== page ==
Monday, February 02, 2009


Besides the obvious things (words, paragraphs, chapters), the insides of library books are an interesting anthropological look at that book’s readers. Margaret Mead didn’t need to go to Samoa to get her anthropology material; she could have just started turning pages of books at the Douglas County Library to get an insight into the culture and reading habits of rural America.

The most commonly found artifacts inside a library book are food droppings. Apparently, people often read and eat at the same time. The food droppings harden into tiny little blobs on the page, creating a mixture of visual and “scratch and sniff” clues. Powdery orange Cheetos fingerprints are one of the most common sightings, followed closely by chocolate (usually in smears) and grease (scratch the page lightly and sniff to determine if it’s lo-fat mayo, olive oil, or McDonald’s French-fry grease).

Spills are usually coffee (again, scratch and sniff to see if it’s Folger’s dark roast, Caribou skinny latte, or fair-trade organic), but can be soda or wine. Sometimes it’s just a small drop on the corner of a page (harder to decipher), but occasionally the reader has done a full-page or even a multi-page spill. Those I assume are alcoholic beverages made by people who drink and read at the same time. They might also be spills from multi-taskers who attempt to drive a car, talk on their cell phone, drink a beverage, and read a book simultaneously.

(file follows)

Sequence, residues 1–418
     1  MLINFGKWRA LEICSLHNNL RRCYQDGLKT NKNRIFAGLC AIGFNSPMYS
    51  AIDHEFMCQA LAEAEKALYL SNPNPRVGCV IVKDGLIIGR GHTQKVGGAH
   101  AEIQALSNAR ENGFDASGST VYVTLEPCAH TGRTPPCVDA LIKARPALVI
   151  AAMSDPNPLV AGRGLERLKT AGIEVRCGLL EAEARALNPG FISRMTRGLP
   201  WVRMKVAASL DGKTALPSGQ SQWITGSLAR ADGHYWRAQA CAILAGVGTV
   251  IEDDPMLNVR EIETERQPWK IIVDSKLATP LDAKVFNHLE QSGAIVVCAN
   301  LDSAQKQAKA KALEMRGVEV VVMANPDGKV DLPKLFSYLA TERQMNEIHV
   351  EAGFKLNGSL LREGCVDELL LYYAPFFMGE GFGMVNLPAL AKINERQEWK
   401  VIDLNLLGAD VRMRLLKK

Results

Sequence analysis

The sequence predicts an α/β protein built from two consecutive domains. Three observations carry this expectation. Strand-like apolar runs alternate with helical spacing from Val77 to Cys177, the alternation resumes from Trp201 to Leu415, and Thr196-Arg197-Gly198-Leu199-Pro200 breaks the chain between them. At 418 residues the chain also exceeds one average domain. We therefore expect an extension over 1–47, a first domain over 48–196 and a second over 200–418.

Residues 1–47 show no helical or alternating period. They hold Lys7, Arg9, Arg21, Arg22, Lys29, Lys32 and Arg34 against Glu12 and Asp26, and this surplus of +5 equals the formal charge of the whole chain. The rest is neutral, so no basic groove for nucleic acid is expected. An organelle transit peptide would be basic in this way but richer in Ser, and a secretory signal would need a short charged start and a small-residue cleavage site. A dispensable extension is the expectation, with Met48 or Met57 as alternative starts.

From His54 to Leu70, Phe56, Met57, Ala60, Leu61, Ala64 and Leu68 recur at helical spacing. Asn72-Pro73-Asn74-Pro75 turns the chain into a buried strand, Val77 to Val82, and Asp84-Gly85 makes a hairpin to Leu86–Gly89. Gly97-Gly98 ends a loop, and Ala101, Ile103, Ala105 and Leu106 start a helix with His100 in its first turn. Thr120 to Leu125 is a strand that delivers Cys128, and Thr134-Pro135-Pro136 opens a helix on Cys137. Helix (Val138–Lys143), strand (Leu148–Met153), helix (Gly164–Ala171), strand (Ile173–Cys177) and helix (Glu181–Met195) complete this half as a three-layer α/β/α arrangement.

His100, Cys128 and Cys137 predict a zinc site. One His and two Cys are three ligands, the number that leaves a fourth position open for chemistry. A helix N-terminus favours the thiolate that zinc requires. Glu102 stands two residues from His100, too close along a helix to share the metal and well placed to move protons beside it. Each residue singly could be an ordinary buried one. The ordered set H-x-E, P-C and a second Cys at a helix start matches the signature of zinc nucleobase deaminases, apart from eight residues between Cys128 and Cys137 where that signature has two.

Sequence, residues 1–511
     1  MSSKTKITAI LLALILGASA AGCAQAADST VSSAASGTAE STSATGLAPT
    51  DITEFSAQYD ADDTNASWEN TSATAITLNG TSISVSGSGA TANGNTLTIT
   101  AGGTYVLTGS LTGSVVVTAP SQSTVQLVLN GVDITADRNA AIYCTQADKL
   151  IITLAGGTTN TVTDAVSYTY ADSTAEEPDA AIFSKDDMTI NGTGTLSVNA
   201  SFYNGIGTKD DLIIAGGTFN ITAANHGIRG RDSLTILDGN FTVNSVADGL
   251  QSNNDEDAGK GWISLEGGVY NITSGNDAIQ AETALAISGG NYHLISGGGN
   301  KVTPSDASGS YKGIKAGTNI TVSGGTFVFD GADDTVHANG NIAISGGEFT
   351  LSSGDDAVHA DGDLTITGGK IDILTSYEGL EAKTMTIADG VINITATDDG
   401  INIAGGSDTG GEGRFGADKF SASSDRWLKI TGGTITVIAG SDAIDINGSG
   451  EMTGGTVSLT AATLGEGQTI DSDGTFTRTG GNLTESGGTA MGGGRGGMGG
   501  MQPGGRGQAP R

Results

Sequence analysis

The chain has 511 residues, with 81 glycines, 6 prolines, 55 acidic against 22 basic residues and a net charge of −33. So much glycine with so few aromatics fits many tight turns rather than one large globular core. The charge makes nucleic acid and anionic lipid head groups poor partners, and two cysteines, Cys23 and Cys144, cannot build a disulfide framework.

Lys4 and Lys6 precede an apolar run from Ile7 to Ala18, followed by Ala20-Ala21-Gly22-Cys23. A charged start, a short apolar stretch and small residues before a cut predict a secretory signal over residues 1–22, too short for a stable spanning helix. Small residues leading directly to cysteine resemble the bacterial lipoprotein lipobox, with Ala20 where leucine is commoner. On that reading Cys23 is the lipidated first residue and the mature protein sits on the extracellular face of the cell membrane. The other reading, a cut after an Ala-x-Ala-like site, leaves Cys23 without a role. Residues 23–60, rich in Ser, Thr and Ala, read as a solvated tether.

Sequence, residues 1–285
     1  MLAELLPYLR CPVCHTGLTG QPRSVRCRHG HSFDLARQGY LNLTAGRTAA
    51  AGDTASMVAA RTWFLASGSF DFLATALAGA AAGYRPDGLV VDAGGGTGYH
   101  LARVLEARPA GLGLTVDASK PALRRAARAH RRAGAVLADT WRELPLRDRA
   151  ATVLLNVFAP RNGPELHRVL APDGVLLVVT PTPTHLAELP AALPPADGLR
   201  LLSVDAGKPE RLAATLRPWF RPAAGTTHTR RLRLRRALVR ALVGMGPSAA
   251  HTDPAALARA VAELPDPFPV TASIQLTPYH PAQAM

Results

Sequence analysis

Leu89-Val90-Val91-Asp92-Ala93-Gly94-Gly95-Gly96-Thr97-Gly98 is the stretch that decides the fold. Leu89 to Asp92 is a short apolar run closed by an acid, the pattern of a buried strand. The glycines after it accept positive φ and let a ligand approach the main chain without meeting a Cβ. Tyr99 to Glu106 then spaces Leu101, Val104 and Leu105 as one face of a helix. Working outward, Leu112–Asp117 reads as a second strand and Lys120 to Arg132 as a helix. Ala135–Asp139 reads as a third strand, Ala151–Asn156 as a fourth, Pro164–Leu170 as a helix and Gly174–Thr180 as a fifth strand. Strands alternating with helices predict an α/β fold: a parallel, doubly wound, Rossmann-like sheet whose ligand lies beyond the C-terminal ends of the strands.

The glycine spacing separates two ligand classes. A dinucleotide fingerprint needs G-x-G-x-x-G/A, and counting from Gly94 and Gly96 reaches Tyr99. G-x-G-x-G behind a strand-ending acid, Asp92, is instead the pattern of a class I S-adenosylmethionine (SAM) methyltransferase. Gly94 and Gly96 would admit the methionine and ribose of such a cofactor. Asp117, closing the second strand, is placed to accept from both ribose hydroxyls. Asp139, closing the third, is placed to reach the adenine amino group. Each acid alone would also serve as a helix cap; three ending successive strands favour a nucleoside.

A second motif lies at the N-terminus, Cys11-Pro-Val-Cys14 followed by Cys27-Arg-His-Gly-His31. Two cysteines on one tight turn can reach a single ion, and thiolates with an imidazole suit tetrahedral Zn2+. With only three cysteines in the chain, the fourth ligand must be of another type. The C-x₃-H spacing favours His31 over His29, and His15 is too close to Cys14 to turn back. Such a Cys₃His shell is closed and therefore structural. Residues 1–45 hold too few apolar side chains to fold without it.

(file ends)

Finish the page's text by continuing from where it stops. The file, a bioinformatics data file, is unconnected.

I have checked out travel books and found tokens of other people’s adventures inside. Last summer, I found a ticket stub to a Vatican tour in a travel book on Italy. Another time, I found a ticket for a boat ride on the Langayene Fjord near Oslo, Norway. It’s always nice to be reminded that other people are having more fun than you are.

Our library prints out receipts (like at the grocery store) for checked out items. So often, when I’m reading a book, someone’s old receipt is tucked into the spine, probably used as a bookmark and forgotten in the pages. It’s kind of interesting to see what other books this particular reader was attracted to—a mystery? a bodice-ripper? a self-help? Maybe it’s like where some helpful marketer says, “If you like this book, you’ll really like . . .”

Sometimes there are penciled notes in the margins or underlines and stars by significant passages (Hmmm, Why would they underline ‘Apple seeds contain a cyanide compound, and 8 ounces of the seeds would kill a human being.'??)

Money, however, never makes it through the re-shelving process. Librarians have a special sense of smell that can sniff out paper currency inadvertently left within the pages of a library book. Most librarians have supernatural powers.

Personally, I think it would be kind of fun to purposely leave little notes inside of library books—kind of like fortune cookies or messages in bottles. Tiny little notes that would inspire or encourage the reader to be a better person or live a better life. For example:

Or better yet, mess with their minds a little:

Maybe now that I’m retired, I’ll have time to go to the library and just rifle through all the books on the shelves, looking for ticket stubs, notes, scratch and sniff food blobs, and other anthropological treasures that will give me insight into the exciting worlds of my fellow readers.

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